God indeed works all things according to the counsel of His will. And yet this same God takes pleasure in “giving [me] the kingdom.” This same God tells me I am valuable, my life matters and that His kingdom is worth bearing fruit for. So the question with games like Mass Effect 3 is not whether it ended the way we wanted, but whether the journey was worth the effort. Most of us won’t see the end of God’s story this side of eternity, but we can trust that it is both a story with a sure ending and one worthy of our personal investment.

What Do You Think?

  • Have you played Mass Effect 3? What did you make of it?
  • How do you deal with the tension of knowing that God is in control, yet having the freedom and responsibility of your own actions?
  • How do other video games deal with this dilemma?


Comments (2)

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“ME3, however, holds two realities in tension that we often do not: we are not in control and yet our lives matter.”

That wasn’t my experience in the game whatsoever. Ultimately, the “Mass Effect 3” ending came squarely down on pure sovereignty in my opinion: our choices didn’t matter one whit. And this wasn’t just supported in the storyline, but within the game mechanics themselves at the very end.

But even putting the ending aside for the moment, I found that “Mass Effect 3” didn’t respect my choices—my agency, if you—in subtler ways. For example, as I played the game, I found that it actually did little to really and truly impress upon me the weight of my actions.

For example, the game had the same error as “Dragon Age 2”, namely that I could spend as much time as I wanted to traveling to any and every locale and going on any and every mission, and the game would happily suspend the crisis at hand. As I wrote in my review/critique/analysis of the game:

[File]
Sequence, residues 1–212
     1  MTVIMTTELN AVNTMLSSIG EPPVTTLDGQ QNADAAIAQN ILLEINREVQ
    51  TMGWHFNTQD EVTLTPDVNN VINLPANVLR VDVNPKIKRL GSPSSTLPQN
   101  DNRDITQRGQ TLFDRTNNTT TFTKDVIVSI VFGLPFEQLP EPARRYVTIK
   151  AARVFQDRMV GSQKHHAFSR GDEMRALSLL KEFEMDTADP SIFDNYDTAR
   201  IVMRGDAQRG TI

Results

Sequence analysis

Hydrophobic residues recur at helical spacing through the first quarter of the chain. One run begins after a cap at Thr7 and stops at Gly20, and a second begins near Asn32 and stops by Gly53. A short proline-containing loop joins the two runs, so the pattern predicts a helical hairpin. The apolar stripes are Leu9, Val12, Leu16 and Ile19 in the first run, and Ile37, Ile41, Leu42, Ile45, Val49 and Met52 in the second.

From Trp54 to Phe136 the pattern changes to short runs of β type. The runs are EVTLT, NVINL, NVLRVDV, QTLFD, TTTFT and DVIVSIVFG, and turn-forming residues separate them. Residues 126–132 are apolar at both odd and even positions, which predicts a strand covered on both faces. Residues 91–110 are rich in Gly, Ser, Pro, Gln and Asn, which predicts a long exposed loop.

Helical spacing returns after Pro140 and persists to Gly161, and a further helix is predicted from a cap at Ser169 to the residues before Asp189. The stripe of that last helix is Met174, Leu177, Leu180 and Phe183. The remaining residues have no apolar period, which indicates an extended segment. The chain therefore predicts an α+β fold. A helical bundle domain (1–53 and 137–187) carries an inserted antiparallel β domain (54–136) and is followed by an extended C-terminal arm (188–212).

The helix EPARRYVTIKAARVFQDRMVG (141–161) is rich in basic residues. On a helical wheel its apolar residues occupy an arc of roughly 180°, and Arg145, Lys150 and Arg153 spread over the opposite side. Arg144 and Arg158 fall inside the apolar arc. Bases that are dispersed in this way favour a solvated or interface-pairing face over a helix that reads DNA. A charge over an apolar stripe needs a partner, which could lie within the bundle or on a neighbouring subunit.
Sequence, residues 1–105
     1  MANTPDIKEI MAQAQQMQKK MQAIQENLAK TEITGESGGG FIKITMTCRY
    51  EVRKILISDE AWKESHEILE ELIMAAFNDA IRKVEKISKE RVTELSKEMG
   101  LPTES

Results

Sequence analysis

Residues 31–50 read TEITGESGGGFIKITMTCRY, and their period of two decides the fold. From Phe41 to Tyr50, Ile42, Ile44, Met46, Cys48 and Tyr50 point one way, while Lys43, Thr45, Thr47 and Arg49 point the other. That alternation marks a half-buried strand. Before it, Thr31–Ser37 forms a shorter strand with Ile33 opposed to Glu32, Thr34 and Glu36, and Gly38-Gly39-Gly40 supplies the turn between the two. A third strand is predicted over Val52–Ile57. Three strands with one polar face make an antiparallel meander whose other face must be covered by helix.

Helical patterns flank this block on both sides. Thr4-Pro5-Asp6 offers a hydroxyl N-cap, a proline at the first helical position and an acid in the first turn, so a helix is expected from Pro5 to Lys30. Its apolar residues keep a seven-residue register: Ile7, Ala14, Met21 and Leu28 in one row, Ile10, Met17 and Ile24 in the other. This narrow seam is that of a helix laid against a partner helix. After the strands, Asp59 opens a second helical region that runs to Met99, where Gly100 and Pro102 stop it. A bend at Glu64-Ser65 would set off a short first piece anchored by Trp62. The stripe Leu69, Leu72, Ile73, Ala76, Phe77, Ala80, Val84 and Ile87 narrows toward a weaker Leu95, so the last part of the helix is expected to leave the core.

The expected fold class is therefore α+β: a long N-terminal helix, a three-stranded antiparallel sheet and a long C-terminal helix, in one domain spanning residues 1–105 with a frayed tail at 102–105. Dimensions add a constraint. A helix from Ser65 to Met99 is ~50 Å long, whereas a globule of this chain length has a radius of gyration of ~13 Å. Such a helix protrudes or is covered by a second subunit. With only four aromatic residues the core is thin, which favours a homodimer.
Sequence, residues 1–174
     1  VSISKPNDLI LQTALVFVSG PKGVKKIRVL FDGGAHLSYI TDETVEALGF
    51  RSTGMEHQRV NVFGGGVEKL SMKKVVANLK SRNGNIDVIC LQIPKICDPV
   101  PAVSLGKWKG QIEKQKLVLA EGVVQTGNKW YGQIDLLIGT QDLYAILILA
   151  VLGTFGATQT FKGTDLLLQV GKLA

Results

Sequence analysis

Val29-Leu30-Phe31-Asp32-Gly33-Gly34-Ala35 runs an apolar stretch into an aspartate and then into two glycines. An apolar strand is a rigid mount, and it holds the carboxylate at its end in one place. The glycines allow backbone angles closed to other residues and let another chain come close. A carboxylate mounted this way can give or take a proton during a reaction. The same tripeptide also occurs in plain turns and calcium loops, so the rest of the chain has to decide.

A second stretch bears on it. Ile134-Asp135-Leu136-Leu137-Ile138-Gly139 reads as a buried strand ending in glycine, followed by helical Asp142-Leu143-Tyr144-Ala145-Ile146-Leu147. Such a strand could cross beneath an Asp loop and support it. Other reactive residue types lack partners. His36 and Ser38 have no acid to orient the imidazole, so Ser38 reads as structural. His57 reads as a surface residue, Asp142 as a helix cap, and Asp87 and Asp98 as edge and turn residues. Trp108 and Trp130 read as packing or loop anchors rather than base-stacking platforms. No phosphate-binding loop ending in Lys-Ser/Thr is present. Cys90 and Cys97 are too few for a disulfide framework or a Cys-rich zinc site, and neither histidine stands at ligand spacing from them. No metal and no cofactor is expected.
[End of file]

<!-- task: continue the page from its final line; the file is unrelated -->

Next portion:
“How interesting would it have been if BioWare had included, as a game mechanic, some sort of meter or timer that gave you an indication of how much time had elapsed, and how much time (approximately) you had for missions? And what if different missions required different amounts of time to complete due to the distances involved, mission complexity and length, and other factors? You would be forced to carefully consider which missions you went on, since you couldn’t go on them all. You’d have to prioritize, and what’s more, you’d run the risk of going on missions that might harm your overall efforts if you did them at the wrong time. Or, because of the time involved, you’d find that the window for completing other important missions had closed.”

However, by not having anything like this, I felt as if “Mass Effect 3” didn’t actually care about what I was doing, but just ignored it until I hit specific “trigger points”—which made the game feel all the more linear, and more on the side of sovereignty, if you will.

I haven’t had a chance to play ME3 yet, but I loved the first two installments. I’m trying to keep an open mind about how the series ends, even though I’ve heard a lot of the griping. The last game whose ending I didn’t care for was Fallout 3, so I’m hoping that ME3 won’t be too terrible.